Are you revealing too much about yourself on social media?

As you read this, millions of people have just shared some detail about their life with millions of others. Every second there are updates on social media that document our daily lives. But is all this constant updating healthy?

Woman lying with feet up and browsing on laptop perhaps spending time on social media

We are driven to share things with others and broadcast our lives on social media due to some fundamental psychological reasons. The most important of these is our sense of self. We need to know who we are as individuals, if we are to operate effectively in the world around us. Imagine if you woke up one day and had no idea whether you wanted a cup of tea or a glass of milk; or if you had no idea if you liked to eat bananas or not. Our sense of self enables us to know, instinctively, how to behave. We know whether to have a cup of tea, whether we like to eat bananas or if we prefer Bollywood to Hollywood.

However, our brain needs constant reminding of our sense of self. It tends to forget if we don’t feed it with regular information, confirming the kind of person we are. So, every day we do things that provide confirmation of our sense of self. When you are with friends, for instance, and your subconscious is thinking, “I’m a witty person”, you will make some comments that get a laugh. That laughter acts as feedback to your brain effectively saying, “I told you so, I am witty.” Throughout our daily life, our brain gets constant feedback to confirm our sense of self.

So, when we see the opportunity to get even more feedback on who we are, we grasp it with both hands. Tweeting, posting on Facebook, or adding a picture on Instagram all help us gain more feedback through comments, shares and likes.

In one sense, therefore, social media updating is a healthy pursuit as it helps us be more aware of ourselves.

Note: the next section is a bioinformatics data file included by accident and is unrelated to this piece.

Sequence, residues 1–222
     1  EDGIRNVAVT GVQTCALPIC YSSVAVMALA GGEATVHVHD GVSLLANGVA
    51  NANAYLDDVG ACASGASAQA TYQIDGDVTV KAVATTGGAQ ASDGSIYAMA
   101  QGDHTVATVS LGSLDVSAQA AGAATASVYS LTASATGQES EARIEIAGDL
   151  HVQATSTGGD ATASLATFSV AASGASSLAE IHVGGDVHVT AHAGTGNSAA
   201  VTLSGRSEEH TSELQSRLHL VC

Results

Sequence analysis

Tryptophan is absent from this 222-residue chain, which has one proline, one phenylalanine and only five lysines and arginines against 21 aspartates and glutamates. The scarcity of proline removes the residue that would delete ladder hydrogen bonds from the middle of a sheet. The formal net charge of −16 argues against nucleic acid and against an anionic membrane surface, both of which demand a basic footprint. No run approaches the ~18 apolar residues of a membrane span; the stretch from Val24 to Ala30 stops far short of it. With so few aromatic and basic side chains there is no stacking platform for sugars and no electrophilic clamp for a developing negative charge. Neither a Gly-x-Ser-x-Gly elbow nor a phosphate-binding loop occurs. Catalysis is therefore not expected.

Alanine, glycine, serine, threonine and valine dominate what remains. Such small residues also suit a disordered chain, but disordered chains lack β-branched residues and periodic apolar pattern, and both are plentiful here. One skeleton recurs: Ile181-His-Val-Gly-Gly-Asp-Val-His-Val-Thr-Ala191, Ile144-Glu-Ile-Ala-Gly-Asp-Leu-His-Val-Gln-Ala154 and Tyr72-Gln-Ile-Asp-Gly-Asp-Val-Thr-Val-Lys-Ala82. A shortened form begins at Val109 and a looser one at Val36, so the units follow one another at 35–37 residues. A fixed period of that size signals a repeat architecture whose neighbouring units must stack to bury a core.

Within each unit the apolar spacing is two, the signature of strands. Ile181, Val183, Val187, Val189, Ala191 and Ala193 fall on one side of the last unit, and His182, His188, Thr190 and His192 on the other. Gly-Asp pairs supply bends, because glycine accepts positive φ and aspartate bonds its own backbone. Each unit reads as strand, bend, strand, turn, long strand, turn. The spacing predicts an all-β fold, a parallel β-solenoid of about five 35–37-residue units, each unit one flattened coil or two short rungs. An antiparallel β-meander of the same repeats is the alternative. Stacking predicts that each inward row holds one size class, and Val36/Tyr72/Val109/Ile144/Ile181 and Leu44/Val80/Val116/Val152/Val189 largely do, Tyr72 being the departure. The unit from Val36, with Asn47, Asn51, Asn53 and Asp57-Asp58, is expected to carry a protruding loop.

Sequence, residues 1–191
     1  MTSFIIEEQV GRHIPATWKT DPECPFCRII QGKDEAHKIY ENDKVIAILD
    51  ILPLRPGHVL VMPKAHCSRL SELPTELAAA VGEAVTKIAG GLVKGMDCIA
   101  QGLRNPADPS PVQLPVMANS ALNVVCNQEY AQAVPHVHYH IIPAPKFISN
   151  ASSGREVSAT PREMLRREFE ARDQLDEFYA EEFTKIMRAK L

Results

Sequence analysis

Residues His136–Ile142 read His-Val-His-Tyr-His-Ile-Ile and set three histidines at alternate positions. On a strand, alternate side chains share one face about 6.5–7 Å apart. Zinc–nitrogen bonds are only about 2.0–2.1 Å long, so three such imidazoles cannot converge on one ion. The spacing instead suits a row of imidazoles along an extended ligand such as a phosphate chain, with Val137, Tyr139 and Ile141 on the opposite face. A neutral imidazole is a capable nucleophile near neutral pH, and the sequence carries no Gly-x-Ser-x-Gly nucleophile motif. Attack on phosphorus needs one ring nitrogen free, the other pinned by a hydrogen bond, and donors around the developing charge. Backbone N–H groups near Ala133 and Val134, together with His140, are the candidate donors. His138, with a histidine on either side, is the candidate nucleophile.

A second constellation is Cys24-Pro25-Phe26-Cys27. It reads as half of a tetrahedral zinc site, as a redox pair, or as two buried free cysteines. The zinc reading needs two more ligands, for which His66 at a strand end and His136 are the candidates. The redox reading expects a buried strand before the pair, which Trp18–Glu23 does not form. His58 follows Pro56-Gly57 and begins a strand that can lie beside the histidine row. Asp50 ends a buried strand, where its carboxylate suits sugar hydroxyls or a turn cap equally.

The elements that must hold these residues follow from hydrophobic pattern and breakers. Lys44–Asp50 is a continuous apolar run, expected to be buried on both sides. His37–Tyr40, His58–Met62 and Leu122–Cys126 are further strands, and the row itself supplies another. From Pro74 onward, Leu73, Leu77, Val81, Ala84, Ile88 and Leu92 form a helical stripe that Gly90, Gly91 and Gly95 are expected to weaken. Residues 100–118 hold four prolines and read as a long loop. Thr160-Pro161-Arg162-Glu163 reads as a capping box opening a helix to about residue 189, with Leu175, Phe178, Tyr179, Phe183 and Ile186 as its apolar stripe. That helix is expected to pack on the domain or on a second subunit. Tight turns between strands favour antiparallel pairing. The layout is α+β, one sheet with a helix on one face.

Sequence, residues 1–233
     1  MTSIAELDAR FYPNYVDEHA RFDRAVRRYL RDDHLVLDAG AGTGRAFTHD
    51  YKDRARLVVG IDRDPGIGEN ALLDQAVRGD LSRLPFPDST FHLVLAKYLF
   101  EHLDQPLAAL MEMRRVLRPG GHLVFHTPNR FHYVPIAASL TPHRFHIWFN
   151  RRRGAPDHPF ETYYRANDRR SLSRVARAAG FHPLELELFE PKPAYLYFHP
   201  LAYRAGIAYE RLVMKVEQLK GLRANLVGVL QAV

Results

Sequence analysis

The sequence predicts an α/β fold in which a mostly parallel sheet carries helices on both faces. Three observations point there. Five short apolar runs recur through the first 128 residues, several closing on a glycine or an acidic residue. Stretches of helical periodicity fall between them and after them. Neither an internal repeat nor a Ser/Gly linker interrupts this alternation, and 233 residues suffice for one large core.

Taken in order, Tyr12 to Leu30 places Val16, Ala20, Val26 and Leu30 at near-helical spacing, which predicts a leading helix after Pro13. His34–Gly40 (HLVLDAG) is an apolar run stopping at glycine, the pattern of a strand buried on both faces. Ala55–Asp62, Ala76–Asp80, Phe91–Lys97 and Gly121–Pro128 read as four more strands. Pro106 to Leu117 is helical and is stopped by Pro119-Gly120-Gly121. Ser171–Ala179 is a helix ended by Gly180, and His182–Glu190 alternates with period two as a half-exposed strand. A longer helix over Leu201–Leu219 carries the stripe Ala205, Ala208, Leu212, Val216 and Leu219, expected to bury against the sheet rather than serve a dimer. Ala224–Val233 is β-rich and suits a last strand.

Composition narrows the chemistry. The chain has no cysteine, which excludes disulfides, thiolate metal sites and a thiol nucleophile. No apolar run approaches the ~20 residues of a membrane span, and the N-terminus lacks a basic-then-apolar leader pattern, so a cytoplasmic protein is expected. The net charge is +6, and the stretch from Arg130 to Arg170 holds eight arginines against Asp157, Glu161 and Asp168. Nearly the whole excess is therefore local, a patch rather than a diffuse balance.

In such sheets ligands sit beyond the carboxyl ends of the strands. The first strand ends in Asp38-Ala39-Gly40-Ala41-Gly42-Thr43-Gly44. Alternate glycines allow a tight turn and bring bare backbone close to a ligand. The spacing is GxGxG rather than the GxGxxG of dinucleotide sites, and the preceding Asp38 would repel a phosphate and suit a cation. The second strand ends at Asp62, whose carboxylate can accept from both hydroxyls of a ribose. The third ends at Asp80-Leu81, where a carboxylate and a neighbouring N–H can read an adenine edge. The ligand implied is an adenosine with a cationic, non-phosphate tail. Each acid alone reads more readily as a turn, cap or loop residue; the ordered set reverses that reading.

The downside

But there are also downsides to all this self-broadcasting. Here are a few that you may identify with:

  • One issue appears to be that of envy. When we see many people posting holiday pictures or a Tweet saying what a wonderful restaurant they are in [again], we can feel somewhat deflated if our daily life is just “normal”. For some people, this can be a serious issue. Those individuals who are already suffering from depressive illness may experience a worsening of their condition, if they feel that their social media friends are having a more interesting life than themselves.
  • There is also evidence that when we have been using social media, spending time talking about ourselves, we are less likely to be thinking straight. This means that the activities we undertake immediately after a social media session could cause problems. For e.g. people tend to overspend after social media activity.
  • Woman crying sitting in front of a laptop, perhaps on social media
    Social media can dampen your spirits and worsen symptoms of depression

    We are more likely to use social media to broadcast our lives towards the end of the day. So social media activity, particularly from mobile devices, disrupts sleep. That, in itself, can have negative long-term health implications.

  • The self-broadcasting obsession that some people have with social media can affect relationships. Indeed, Facebook is now cited as an issue in a significant number of divorce cases.

What’s the way out?

So how can you gain the benefits of sharing your life on social media, without any of the downsides?

The answer is routine. One of the reasons why people constantly jab at their mobile phones in the hope that someone has sent them a message is related to survival instincts. If we don’t know when or if we are going to get food, then we just eat what we can and when we can. It is the same principle with social media—if we don’t know when or if we are going to get a message, we constantly look for them. However, by establishing a social media routine, you always know when the next batch of messages will arrive.